HSBC US falls victim to data breaches


The latest victims in the cybersecurity world to succumb to a data breach are HSBC customers. Personal details, bank statements and other pieces of information have been lost to online fraudsters.

The attack took place on HSBC’s retail business in the US at some point between October 4 and 14, the bank revealed on Tuesday.

HSBC noted that it was not aware of any customers facing financial losses but had taken measures to suspend online access to accounts of those who had been impacted by the attack.

One of HSBC’s spokesman said: “HSBC regrets this incident, and we take our responsibility for protecting our customers very seriously.”

This particular case follows the likes of Equifax and JPMorgan in a series of prominent, large-scale data hacks. And though the number of customers affected were fewer than that of other businesses, the depth of information stolen was far greater.

In response to the hack, the bank has made an effort to up its safety measures by strengthening its log-in and authentication processes and employing additional layers of security. Affected customers have also been offered a year’s worth of free credit monitoring and identity-theft prevention products.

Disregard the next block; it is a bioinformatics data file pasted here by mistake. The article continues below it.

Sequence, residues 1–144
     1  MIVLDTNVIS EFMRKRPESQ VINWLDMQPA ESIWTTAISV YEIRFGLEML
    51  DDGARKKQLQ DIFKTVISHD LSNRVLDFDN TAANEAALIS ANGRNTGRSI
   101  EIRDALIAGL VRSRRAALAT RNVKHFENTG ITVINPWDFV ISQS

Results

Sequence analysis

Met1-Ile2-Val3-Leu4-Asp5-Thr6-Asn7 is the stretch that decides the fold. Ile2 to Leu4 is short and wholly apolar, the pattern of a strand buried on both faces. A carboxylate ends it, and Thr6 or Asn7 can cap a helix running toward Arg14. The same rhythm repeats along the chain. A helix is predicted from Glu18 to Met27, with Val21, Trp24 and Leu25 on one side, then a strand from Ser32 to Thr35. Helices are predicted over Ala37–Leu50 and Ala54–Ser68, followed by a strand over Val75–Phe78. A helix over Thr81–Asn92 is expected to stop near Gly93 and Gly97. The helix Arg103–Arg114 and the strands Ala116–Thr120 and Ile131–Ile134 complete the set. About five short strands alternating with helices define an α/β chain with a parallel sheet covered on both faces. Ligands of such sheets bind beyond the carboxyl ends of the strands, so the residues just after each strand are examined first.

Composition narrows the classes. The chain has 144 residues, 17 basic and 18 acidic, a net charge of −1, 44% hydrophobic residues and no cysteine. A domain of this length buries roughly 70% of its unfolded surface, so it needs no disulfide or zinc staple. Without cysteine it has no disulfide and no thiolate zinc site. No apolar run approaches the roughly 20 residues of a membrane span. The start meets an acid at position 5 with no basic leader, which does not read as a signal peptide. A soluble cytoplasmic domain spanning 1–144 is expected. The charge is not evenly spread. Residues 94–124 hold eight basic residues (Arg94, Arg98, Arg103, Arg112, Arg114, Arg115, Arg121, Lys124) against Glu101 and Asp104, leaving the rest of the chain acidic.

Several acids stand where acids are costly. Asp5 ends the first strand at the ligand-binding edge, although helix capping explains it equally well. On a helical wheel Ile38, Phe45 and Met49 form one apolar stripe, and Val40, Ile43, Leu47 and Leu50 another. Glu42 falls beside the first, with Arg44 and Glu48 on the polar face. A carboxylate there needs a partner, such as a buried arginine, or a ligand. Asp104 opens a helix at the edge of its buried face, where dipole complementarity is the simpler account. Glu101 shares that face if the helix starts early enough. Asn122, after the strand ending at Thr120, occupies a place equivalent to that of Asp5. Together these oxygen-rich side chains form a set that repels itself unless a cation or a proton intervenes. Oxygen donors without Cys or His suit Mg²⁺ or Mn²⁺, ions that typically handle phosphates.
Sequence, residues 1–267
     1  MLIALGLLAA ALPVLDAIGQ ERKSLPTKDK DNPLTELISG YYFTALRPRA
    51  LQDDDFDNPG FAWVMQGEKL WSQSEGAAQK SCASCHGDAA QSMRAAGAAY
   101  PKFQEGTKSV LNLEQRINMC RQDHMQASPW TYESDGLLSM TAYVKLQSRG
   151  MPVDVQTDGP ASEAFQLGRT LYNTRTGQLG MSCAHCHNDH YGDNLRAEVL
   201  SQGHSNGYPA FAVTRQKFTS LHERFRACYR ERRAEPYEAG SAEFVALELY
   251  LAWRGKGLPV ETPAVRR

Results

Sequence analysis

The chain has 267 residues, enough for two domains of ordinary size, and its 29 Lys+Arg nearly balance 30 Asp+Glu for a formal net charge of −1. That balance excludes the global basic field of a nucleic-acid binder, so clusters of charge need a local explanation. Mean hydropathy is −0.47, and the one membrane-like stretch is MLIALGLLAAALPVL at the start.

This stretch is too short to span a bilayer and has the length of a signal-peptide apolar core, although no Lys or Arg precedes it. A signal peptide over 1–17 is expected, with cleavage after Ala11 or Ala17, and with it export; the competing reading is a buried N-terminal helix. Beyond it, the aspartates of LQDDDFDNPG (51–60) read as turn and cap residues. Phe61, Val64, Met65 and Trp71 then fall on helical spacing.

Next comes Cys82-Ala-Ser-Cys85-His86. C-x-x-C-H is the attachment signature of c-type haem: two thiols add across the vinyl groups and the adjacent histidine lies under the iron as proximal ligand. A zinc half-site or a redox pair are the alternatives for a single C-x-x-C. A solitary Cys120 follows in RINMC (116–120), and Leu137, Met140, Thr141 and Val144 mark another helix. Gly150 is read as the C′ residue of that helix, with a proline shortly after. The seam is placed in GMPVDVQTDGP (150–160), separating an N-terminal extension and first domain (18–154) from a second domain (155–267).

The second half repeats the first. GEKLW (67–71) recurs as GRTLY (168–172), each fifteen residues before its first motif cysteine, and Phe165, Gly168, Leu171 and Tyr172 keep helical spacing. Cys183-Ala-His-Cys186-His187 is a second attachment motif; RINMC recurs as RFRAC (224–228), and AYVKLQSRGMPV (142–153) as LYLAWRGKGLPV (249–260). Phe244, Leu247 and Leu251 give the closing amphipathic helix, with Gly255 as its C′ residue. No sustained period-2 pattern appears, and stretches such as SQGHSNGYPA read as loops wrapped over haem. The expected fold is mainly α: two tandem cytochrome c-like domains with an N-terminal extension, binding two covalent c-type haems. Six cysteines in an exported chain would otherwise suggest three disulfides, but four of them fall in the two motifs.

The attack is said to have used a method called “credential stuffing” which saw online criminals using username and password information stolen from other websites to gain access to HSBC accounts. At least one user from each state in the US was affected, including Washington DC.

As a result of the incident, the bank has warned customers against using the same details and information for their banking accounts as other logins, in particular social media profiles.

HSBC has vowed to increase its cybersecurity efforts through additional investment in products, training and staff, and noted that its main exposure to vulnerabilities comes from the negligence of customers and employees.

In 2014, HSBC’s rival JPMorgan was hit by a data breach incident and was considered the biggest in the world at the time of occurrence. Roughly two-thirds of all US households fell victim, with names, addresses, telephone numbers and emails exposed to digital criminals. Similarly, in 2017, Equifax suffered a breach which compromised the information of 143 million customers.

In this incident, however, less than 1 per cent of the bank’s 1.4 million customers in the USA were impacted by the attack. Although this is the case, a letter sent by HSBC and published by the California Attorney General's Office revealed that more details and information was exposed, particularly bank account numbers and transaction histories.

About Lee Hazell

Lee Hazell is a cyber security consultant with a keen interest in anything tech or security related. Follow Lee on .

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